“[I] decided to go up there myself”

Soaring Flight, the title of a 1960 painting by Peter Lanyon. Soaring Flight: Peter Lanyon’s Gliding Paintings, the title of a 2015/6 exhibition at The Courtauld Institute, London. As the exhibition’s title states, the exhibition focusses on Lanyon’s work inspired by gliding. Lanyon’s gliding is perhaps a twentieth century version of Turner’s apocryphal snowstorm-mast-tying incident for, according to the exhibition leaflet, Lanyon was “[f]uelled by a desire to experience the landscape as fully as possible.”

Links have been made between the work of Lanyon and that of Constable and Turner. Whilst (despite his skying) we can only see Constable as a son of the soil, albeit one beholden to the weather that scratches at that soil’s surface, Turner was always a disciple of light and air and one can easily imagine that he would happily have been swept up into some vortex had he had the chance. Lanyon had this chance by coincidence of his life being lived a century later. Lanyon’s pre-1950s painting are very earthy and rooted in and under the West Penwith geology, his authentic Cornish roots and knowledge of tin mining ensured he would never be a painter of only surfaces as he drilled down into the rock, epitomised best in St Just (1953). Lanyon’s landscapes are earthy and fleshy at once as human bond with land is explored in pigment.

But Lanyon resists the sort of landscape painting that requires a position fixed in time and space, he cycles the lanes of West Penwith to experience movement through this Bronze Age landscape. He crawls on his stomach to the cliff’s edge and throws his imagination down into the air and spume of the zawns. From seeing gliders soaring over his landscape in the mid-1950s it would only be a matter of time before he too would be up there in the landscape (“[I] decided to go up there myself”) into what he would term the “airscape”. Birds too had offered Lanyon this way in to another way as the 1955 canvas Bird Wind hints—the colours are earth-bound but is the painter or the viewer? Are we all a hundred feet above the land turning in some invisible thermal?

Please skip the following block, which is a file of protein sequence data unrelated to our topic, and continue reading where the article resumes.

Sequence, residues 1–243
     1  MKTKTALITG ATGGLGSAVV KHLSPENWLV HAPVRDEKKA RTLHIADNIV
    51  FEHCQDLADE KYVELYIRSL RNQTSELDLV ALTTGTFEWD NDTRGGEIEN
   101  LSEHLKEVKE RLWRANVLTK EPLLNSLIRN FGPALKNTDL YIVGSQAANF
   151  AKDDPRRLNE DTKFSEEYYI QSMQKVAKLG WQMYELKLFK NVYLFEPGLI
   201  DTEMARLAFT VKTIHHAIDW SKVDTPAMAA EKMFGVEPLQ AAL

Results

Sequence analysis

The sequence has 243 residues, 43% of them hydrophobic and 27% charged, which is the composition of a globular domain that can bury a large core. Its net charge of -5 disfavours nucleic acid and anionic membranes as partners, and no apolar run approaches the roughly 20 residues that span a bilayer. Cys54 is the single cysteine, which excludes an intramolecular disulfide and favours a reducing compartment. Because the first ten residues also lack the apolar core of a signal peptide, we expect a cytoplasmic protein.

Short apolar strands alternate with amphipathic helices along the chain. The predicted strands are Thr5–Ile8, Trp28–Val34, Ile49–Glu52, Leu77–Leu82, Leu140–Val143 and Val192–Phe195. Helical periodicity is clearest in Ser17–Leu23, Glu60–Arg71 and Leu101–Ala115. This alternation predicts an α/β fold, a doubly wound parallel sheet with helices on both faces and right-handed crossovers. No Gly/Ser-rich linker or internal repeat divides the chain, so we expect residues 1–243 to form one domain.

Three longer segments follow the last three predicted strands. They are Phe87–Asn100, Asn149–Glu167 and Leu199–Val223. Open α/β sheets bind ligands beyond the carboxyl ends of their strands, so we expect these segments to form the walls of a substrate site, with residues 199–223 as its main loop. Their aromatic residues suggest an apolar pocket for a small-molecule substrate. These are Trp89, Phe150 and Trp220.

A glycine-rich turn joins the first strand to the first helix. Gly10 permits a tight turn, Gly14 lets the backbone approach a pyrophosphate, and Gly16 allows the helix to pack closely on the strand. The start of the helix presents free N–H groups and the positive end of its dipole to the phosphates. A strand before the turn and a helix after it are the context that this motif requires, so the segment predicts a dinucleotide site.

In the composition of his canvases Lanyon did not conform to traditional landscape diktats where the sky is at the top and land beneath. In 1951’s Trevalgan the ‘sky’ almost wraps around three sides of the land. This pushing of traditional boundaries is also witnessed in his constructions (three of which are included in the exhibition), these works are experienced in the round and hint at the direction Lanyon will take but also, perhaps, offer a nod of gratitude to Naum Gabo whose Constructions in Space with their soaring and sweeping forms must surely have left some mark on Lanyon’s creativity and artistic trajectory.

By the late 1950s the land has almost been left behind, certainly any remnant of landscape tradition has been, as Lanyon soared in his glider towards an Ingoldian weather-world where the air has becomes medium rather than subject.1 At first the land still anchors like a gliders aerotow and its cable—in Rosewall (1960) Lanyon observed that “the sky which in traditional landscape occupies the top half of the picture is in this painting all around and is the element from which the land is experienced.” Lanyon learned to glide in 1959 and was flying solo by 1960 a fact celebrated in his canvas Solo Flight (1960).

In his short gliding life Lanyon seemed to release himself more from the soil and celebrate as he explored that zone which is part of this world but at once not. The airscape was no longer for simply viewing the landscape from but experience in itself. Lanyon favoured a gendering of land and sea but perhaps the air freed him from this binaric thinking.  The vocabulary changes and he/we now soar, glide, drift and fly through air, on thermals and currents, making “aerial encounters” with “invisible forces” where Lanyon discovers that “air is very definitely a world of activity as complex and demanding as the sea”. The coagulated air of the canvases and constructions tells of Lanyon’s exploration of the invisible air, they are smudged and blurred as previous boundaries are transgressed.

However, Lanyon’s flight from the earth was no attempt at transcendence, the work stayed very much about human experience albeit one lived above the earth. The experience is somehow mediated (grounded?) by the surroundings of the glider’s cockpit and the associated terminology of gliding. There are new languages here for Lanyon and for art.

Peter Lanyon died on 31st August 1964 from injuries sustained in a gliding accident two days previously.

“Find me a thermal to speak and soar to you from”2

1. Tim Ingold, Being Alive (London: Routledge, 2011), 136-139.
2. W.S. Graham, “The Thermal Stair” in  New Collected Poems, ed. Matthew Francis (London: Faber and Faber, 2004), 163-166.

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